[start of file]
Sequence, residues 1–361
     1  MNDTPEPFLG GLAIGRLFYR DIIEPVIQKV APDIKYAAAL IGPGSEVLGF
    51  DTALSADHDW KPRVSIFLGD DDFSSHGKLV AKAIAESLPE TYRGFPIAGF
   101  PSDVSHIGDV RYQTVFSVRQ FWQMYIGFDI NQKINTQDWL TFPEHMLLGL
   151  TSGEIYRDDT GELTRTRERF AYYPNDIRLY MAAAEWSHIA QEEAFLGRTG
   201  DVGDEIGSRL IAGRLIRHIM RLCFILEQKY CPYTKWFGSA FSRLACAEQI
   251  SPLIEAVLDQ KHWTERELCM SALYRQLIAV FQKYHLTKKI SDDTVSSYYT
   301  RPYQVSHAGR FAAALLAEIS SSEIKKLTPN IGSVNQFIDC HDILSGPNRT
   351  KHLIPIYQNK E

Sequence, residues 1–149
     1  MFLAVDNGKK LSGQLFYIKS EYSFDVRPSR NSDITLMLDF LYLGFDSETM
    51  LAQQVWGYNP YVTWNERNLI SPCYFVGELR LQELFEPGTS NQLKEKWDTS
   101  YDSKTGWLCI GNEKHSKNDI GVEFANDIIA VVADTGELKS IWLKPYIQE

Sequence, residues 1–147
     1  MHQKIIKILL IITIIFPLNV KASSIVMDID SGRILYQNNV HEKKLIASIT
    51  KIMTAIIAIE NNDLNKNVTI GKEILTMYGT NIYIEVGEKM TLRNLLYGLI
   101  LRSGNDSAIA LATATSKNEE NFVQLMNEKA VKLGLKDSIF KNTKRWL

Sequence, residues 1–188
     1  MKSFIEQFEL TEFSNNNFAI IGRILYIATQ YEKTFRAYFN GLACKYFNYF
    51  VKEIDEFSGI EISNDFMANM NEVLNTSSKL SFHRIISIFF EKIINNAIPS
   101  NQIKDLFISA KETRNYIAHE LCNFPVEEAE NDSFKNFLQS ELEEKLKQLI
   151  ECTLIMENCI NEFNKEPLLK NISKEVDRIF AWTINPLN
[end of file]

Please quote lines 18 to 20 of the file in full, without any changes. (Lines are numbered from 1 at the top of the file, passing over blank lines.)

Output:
Sequence, residues 1–188
     1  MKSFIEQFEL TEFSNNNFAI IGRILYIATQ YEKTFRAYFN GLACKYFNYF
    51  VKEIDEFSGI EISNDFMANM NEVLNTSSKL SFHRIISIFF EKIINNAIPS